After initial contact, the scammer typically asks for money or for help in making a payment:

  • “Need to buy a new phone – could you send some cash over with this link? Swear I’ll pay you back by next week.”
  • “Got a debt to settle but haven’t got my banking app on this phone. Mind sending me the code you get on your phone?”

Sometimes, the scam also occurs when a scammer hacks someone’s instant messaging account, having access to their contacts and sending the request directly from the hacked account. This makes it appear as if the message is coming from a known number; while the genuine account of a friend is real, the message is from a scammer.

Known as smishing scams, these fraudulent activities take advantage of messaging platforms like WhatsApp and iMessage, where there’s a common idea that messages can only come from known contacts, making individuals more likely to trust and respond.

Typing on the cell phone

CEO Fraud

CEO Fraud” is another form where the scammer, pretending to be a company executive, sends urgent messages for money transfers or personal information. The informal and direct nature of a text message masks the scam, making use of the recipient’s respect for authority and a desire to comply with their employer’s supposed demands.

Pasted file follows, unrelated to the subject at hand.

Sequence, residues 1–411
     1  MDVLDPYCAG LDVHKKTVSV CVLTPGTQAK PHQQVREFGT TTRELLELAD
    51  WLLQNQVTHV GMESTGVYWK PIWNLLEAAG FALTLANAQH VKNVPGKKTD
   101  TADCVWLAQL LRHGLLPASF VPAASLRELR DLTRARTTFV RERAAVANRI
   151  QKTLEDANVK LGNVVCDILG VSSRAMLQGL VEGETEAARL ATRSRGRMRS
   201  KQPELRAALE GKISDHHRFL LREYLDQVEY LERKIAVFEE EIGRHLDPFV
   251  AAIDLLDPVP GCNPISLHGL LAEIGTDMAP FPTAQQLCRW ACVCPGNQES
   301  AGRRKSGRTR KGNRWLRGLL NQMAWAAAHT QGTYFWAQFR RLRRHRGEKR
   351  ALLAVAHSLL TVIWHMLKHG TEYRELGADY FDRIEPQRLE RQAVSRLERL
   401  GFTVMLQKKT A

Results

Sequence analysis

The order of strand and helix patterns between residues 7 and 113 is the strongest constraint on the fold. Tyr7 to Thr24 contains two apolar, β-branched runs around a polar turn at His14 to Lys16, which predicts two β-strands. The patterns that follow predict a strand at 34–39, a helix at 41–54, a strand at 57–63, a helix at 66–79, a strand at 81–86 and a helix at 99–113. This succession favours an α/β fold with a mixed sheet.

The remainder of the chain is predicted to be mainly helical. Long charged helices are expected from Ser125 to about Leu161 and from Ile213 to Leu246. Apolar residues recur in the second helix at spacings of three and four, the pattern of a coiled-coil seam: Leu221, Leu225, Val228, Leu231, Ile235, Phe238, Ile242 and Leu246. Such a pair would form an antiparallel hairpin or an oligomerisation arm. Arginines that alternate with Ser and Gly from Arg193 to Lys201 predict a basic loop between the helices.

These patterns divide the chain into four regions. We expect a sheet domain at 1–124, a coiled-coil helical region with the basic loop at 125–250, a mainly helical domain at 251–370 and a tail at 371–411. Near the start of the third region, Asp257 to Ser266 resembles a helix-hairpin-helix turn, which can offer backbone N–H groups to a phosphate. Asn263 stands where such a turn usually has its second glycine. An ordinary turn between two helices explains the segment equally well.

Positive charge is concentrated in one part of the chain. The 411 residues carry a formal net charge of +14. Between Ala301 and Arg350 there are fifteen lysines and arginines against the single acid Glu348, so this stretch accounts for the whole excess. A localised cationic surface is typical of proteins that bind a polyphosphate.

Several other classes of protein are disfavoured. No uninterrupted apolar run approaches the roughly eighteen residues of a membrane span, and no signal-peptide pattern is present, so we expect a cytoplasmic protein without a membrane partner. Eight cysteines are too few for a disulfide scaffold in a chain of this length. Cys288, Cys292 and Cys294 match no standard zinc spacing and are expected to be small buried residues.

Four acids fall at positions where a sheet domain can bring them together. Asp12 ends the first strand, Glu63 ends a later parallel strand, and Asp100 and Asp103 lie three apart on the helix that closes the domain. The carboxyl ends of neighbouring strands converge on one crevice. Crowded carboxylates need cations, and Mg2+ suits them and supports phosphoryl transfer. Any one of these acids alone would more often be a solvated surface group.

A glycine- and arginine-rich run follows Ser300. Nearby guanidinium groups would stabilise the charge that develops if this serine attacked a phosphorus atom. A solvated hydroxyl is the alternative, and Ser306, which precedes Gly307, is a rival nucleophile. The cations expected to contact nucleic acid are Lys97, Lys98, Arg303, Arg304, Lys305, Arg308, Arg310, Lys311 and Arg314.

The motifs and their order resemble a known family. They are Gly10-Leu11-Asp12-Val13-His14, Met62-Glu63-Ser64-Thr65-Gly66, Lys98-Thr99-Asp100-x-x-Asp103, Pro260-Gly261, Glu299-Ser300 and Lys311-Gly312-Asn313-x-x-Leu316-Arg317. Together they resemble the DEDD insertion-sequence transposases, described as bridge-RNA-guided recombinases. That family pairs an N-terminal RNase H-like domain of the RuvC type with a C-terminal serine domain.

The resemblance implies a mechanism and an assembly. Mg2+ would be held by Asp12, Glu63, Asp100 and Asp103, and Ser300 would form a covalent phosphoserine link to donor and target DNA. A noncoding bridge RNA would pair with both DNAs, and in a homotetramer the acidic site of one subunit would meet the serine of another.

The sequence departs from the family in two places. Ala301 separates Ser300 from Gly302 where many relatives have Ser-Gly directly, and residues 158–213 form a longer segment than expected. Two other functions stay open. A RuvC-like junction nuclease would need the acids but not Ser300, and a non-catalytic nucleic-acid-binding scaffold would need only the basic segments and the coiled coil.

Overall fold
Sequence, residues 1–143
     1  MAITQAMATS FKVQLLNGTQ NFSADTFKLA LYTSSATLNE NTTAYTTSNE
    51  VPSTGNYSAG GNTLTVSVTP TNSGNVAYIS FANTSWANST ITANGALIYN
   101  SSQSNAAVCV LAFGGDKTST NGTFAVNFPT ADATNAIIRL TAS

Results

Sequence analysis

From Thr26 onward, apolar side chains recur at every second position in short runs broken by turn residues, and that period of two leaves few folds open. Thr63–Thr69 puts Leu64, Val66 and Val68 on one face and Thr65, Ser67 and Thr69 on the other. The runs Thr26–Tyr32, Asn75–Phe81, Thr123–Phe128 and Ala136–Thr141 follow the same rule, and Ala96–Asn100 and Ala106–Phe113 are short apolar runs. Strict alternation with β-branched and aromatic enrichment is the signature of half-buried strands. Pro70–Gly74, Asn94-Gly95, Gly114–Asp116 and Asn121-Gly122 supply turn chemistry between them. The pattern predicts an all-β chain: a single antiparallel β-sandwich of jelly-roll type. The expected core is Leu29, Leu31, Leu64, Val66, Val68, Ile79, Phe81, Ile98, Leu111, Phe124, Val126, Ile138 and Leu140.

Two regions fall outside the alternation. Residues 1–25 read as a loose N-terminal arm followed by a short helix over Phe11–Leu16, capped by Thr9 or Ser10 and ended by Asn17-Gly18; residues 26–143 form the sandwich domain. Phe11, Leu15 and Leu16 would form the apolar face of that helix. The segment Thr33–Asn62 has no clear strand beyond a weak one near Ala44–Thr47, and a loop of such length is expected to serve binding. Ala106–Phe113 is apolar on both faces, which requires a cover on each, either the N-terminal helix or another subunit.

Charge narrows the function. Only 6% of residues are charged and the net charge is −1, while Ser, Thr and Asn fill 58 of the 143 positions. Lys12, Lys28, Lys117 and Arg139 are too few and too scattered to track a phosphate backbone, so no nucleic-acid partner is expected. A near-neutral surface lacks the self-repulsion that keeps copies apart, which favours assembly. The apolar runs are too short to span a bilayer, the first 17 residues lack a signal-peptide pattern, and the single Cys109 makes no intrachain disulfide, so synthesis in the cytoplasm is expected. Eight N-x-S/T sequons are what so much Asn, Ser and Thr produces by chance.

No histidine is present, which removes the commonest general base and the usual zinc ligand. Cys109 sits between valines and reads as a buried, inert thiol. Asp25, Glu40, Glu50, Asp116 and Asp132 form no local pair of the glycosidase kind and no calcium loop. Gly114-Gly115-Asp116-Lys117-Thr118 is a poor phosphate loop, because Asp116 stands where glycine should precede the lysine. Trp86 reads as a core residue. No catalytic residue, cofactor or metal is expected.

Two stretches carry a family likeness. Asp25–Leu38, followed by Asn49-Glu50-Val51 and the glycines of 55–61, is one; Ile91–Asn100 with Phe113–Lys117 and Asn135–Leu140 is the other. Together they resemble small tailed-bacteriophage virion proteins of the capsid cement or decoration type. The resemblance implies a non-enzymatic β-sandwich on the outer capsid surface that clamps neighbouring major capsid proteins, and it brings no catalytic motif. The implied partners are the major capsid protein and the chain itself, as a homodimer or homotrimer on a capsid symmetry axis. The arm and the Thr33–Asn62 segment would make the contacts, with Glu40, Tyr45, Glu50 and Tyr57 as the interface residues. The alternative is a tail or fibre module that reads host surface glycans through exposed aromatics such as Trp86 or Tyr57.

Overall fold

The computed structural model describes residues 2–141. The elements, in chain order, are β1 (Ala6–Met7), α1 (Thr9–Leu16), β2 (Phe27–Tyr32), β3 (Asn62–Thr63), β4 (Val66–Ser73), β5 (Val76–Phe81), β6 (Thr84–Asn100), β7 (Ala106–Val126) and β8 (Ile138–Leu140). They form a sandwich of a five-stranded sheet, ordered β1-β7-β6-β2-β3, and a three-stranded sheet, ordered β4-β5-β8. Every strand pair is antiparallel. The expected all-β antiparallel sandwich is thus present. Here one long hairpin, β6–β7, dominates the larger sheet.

Both cases typically create a desperate need for quick action, employing emotional tactics to manipulate and pressure the victim into responding right away. These scams highlight the need for vigilance and caution, even when messages seem to be coming from people you know.

How To Recognize Imposter Scam Texts

Identifying imposter scam texts can be challenging due to the level of detail and creativity of fake messages. Scammers use methods like phone number spoofing and using fake information to convince you to trust and interact with their messages. Here’s how to recognize them:

Suspicious Sender Information

Always check the sender’s phone number for strange patterns. Be cautious of: